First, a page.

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Fields under water, 5.30

Water partially covers a farm field south of Elk Creek in May.

You might be one of them.

One of those people in those sleeper cells of goodness. Those secret groups (without the secret handshakes) that meet every month carrying cash.

Money they want to give away and then do.

People of the Random Acts of Kindness World, I’ve got your number.

Well, not literally, but I can vouch. I’ve heard from plenty of you over the years. You read a story of need in the newspaper and wonder if the reporter can help you get your money in the right hands.

It’s a wonderful thing.

And I know that last month, one of Lincoln’s kindness groups made its monthly donation to the Nebraska Farm Bureau Foundation.

I know because a member of the group called me after the fact. It had been her turn to pick a recipient and she picked the foundation — which had already raised $3 million for Nebraska farmers and ranchers hit by the floods in March.

That was a lot of money, she said, but not yet enough.

She thought maybe I could use this space to root out her fellow RAKs and get them on board to donate, too. Form a cabal for a cause that has affected so many across the state.

She sent me to Megahn Schafer, the foundation’s executive director.

Schafer had accepted an invitation to speak to that RAK group at its June meeting. A first for her, she said.

“They contacted our office and had some interest in learning more about the flood and flood relief efforts.”

Her mission was to help them understand the breadth and depth of the crisis to Nebraska’s farmers and ranchers. What the foundation was doing to help and how their money would lend a hand.

She told me about it, too.

The Nebraska Farm Bureau Foundation’s response was swift, she said.

The group put out a news release, posted a donation link on its website and social media pages. It showed up as a vetted donation site on the Nebraska Strong page.

The board president talked to the media — 250 interviews, Schafer said, statewide and national.

The foundation received 4,000 donations in two months.

Almost as soon as the floods hit farms and rural communities, the phone in Schafer’s Lincoln office started ringing.

“One call would be someone crying and saying, ‘I don’t know what to do, I need help,’ and the next call would typically be, ‘How can I help?’”

The foundation had answers for both kinds of callers.

They set up a simple application process to serve immediate needs — hotel rooms and clean water and changes of clothes. They helped with hay and feed and veterinary supplies.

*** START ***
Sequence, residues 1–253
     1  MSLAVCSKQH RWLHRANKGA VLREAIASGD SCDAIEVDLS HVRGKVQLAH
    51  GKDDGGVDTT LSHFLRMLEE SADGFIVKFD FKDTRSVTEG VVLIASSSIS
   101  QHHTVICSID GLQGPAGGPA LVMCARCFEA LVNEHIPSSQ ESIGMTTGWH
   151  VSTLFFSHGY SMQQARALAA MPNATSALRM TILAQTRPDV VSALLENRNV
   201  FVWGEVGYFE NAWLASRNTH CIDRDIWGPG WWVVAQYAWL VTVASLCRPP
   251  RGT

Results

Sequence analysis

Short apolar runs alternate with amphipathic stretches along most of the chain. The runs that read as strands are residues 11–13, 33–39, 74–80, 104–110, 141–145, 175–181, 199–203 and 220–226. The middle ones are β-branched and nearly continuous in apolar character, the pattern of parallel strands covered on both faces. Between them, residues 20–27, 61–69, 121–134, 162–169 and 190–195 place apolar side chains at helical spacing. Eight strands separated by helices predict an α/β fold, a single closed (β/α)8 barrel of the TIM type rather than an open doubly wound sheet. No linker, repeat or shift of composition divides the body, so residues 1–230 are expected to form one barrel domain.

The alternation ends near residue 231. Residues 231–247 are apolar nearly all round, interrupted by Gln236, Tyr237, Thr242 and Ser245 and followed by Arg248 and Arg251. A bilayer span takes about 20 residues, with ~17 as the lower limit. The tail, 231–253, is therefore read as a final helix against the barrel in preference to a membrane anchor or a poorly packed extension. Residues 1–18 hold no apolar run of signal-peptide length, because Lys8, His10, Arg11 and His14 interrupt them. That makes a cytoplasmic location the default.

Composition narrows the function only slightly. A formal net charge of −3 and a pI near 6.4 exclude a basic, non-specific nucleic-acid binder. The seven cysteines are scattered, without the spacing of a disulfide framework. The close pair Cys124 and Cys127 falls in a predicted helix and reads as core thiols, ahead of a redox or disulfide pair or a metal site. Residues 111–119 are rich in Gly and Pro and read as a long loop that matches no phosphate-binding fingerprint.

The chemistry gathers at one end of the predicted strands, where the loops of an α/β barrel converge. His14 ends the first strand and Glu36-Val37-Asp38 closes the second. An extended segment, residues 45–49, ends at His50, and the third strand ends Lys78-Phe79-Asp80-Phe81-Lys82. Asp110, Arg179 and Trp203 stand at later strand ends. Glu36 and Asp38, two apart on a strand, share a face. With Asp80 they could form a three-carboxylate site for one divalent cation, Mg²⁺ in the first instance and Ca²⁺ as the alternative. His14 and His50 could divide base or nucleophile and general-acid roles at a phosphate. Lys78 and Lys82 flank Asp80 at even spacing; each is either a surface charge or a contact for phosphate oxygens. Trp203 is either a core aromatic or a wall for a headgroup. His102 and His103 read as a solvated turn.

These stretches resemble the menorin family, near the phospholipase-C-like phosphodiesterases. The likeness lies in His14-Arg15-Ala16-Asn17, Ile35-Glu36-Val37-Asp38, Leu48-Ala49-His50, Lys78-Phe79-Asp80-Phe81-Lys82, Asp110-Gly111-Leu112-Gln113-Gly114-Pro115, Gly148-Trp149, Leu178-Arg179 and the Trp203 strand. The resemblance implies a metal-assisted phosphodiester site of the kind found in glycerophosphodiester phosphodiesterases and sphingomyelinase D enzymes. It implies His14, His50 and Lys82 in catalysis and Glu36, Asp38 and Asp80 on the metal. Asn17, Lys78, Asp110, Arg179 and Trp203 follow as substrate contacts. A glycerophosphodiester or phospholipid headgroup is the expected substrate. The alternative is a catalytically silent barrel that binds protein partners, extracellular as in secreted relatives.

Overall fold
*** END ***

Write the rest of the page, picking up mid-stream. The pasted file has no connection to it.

A second round of applications has been processed, she said Thursday. This time, the foundation asked more questions, making sure applicants had checked with their insurance companies and knew what government services they might apply for.

Then they answered pleas for help with longer-term projects — debris removal, fencing supplies and repairs to homes.

Every penny of every donation is tagged for relief, no administrative costs. So far, more than $2.8 million has gone out to Nebraska’s farmers and ranchers.

Requests for help? Those topped $35 million.

That unmet need? That’s why Schafer figures a woman whose giving group members pulled out their wallets and handed her $250 called the paper.

“I think they had a hard time shaking it,” she said.

In ordinary times, the foundation's primary mission is to run a USDA program called Nebraska Agriculture in the Classroom.

It gives some scholarships, too. And it has a volunteer committee that sends speakers to county fairs or to groups that are interested in agriculture or how our food is produced.

And normally, it gets about 100 donations a month. In the two months after the flood, that number was 4,000.

One of them was from a dozen women in Lincoln.

Schafer was touched that they invited her to share the story of need. She was careful not to break their anonymity.

“It’s a reminder to folks that there are a lot of people who care about them,” she said. “And we know they have really big challenges in front of them that aren’t going to go away next week or next month.”

That’s why the kindness group reached out for help finding its do-gooding sisters and brothers.

The story Schafer told “pierced our hearts,” said the member who called me.

“We would like to remind other Acts of Kindness groups that this is a long-term problem … and with a joint effort from Lincoln groups, we would like to make a difference in the lives of the people responsible for putting meals on our tables.”

This is your reminder, all you sleeper cells of goodness.

If you need help connecting, I’ll keep your secrets.

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Reach the writer at 402-473-7218 or clangekubick@journalstar.com.

On Twitter @TheRealCLK.

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